Great River Energy is continuing to search for a new owner for Coal Creek Station, but so far no companies have offered to buy the facility, the head of the power cooperative told representatives of North Dakota’s lignite coal industry Thursday.
The McLean County plant experienced a $170 million shortfall in energy sales in 2019, following several years of financial woes as it has struggled to compete in a market saturated with cheap natural gas and renewables, GRE President and CEO David Saggau said via video to Lignite Energy Council members attending the trade group’s virtual fall conference.
He reiterated what he’d indicated in May when he announced the plant’s closure publicly, that the cooperative is essentially looking to give the plant away “for a dollar.”
“We have had many discussions with folks,” he said, adding that the large size of the plant, which has a 1,100-megawatt capacity, limits the number of companies interested in acquiring such a facility.
Saggau did not elaborate further on the potential sale of the plant, saying he did not want to interfere with ongoing negotiations. Unless a buyer emerges, GRE plans to close Coal Creek in 2022. State officials have indicated they want to help find a new owner for the plant, and they are also involved in helping to determine the future operations of the transmission line that carries power from the facility to Minnesota.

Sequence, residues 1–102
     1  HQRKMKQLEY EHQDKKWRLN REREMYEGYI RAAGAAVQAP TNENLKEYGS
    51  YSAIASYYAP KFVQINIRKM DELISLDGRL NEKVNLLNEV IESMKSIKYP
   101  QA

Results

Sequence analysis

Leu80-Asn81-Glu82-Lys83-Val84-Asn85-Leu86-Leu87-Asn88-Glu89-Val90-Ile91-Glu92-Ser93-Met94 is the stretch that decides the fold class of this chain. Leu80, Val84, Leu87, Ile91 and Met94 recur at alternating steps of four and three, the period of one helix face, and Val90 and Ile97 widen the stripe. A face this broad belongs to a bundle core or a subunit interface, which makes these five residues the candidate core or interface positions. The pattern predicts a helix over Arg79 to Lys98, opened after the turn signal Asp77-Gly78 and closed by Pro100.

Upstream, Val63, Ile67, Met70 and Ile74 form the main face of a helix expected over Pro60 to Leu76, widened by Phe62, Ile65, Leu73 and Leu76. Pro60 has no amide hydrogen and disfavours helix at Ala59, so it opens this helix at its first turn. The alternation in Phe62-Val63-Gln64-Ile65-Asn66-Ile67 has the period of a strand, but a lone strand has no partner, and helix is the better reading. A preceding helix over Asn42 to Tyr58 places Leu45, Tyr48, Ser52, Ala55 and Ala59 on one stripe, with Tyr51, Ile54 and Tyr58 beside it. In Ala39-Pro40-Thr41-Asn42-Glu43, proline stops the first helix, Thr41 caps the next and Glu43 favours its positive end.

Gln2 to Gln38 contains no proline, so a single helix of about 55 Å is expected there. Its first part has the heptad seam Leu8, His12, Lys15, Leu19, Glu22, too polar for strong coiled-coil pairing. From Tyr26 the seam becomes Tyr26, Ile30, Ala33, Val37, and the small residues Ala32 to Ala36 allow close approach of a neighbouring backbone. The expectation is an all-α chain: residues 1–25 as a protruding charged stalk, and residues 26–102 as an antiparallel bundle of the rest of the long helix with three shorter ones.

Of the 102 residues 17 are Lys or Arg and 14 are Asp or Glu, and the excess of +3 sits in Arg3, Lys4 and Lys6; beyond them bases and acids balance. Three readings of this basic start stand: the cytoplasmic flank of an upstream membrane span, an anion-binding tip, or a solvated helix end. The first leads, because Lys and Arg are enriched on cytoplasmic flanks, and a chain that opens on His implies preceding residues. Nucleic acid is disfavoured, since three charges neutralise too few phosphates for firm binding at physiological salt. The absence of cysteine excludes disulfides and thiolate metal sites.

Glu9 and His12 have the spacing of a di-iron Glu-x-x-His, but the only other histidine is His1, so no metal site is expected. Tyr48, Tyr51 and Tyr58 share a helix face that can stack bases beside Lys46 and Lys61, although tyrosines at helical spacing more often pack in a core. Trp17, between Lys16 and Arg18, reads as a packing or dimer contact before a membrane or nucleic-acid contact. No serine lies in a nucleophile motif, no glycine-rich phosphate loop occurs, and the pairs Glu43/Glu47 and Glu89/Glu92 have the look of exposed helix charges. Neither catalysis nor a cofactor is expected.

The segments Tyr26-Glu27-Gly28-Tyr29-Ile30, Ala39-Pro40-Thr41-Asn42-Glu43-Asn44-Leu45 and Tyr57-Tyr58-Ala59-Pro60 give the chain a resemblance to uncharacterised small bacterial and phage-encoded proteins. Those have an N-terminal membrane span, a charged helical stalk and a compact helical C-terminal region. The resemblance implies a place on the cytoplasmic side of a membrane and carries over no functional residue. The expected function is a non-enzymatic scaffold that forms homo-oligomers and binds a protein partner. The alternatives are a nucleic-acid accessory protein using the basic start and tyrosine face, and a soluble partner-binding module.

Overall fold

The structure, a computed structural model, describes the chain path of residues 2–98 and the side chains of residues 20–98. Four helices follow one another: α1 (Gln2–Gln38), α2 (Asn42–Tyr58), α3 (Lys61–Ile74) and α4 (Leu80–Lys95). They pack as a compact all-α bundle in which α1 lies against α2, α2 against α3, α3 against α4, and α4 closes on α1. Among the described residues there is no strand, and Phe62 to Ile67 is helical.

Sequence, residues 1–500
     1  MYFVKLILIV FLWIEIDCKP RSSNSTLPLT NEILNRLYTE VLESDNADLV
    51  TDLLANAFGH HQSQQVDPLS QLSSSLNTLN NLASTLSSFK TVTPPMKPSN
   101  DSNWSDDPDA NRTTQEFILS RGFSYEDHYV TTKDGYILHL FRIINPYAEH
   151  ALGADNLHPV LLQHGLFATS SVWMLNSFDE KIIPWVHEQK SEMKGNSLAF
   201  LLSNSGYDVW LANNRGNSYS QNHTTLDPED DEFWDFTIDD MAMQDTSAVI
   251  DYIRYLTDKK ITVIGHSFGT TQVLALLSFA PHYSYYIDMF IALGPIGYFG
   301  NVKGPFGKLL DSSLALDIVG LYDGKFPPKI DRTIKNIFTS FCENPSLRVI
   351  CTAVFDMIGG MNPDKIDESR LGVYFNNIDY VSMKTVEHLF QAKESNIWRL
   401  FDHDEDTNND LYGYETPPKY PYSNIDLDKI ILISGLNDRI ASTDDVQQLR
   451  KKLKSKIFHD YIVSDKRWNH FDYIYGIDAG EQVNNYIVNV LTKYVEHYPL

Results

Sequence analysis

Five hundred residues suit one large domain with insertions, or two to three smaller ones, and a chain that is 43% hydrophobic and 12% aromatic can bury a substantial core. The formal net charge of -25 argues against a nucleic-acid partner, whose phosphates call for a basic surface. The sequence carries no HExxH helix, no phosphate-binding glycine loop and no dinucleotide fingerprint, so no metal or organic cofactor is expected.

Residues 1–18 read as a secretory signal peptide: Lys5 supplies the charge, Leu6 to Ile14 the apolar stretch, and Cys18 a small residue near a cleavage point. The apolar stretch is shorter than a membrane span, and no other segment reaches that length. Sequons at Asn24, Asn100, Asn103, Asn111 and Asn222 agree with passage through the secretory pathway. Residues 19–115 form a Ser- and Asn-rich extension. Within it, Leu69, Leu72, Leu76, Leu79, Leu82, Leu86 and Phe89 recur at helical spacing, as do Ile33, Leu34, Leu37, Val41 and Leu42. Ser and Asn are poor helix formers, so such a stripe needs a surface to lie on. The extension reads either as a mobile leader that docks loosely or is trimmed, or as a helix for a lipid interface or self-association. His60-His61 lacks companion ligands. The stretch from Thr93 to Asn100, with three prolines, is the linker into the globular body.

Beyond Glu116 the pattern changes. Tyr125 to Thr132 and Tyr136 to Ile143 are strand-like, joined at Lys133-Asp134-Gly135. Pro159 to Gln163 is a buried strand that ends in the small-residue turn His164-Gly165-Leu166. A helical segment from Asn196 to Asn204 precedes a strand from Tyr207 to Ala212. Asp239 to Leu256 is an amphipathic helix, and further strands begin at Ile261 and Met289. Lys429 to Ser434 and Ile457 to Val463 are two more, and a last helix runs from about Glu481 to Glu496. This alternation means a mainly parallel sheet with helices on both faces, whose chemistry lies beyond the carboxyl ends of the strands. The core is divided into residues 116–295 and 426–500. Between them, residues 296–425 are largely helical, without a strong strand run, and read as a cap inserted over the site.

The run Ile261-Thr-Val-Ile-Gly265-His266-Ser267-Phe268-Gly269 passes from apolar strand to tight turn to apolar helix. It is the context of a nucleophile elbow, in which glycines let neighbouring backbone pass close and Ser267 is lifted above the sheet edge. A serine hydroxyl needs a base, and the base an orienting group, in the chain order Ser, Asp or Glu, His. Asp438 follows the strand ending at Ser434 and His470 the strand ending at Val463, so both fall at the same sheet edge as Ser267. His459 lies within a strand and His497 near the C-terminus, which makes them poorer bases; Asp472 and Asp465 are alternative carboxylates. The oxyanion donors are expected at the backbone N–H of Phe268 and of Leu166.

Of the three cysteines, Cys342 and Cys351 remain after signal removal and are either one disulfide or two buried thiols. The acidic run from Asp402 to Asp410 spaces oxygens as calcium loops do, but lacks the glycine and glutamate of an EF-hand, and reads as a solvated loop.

Cooperative members, who live in Minnesota, are expected to see a rate decrease of as much as 13% after the plant closes, Saggau said.
He also provided details about efforts to help Coal Creek workers during the transition and retain them to continue operating the facility, which is the largest coal-fired power plant in North Dakota.
Upon announcing the closure this spring, the cooperative gave impacted employees a 20% pay raise and increased its severance package, Saggau said.
GRE also offers a tuition reimbursement program should an employee want to pursue a higher education degree. In the past, the type of degree program has needed to coincide with the worker’s job to be eligible, but the cooperative has waived that requirement so that Coal Creek workers can attend school to learn a different trade, Saggau said. Forty-nine employees are either in school or plan to attend school through the program.
“We know the pain this decision has caused our employees and the communities surrounding the plant and although we can’t fully make up the losses they are seeing as a result of this decision, we have taken steps to at least lessen the impact,” Saggau said.
Reach Amy R. Sisk at 701-250-8252 or firstname.lastname@example.org.
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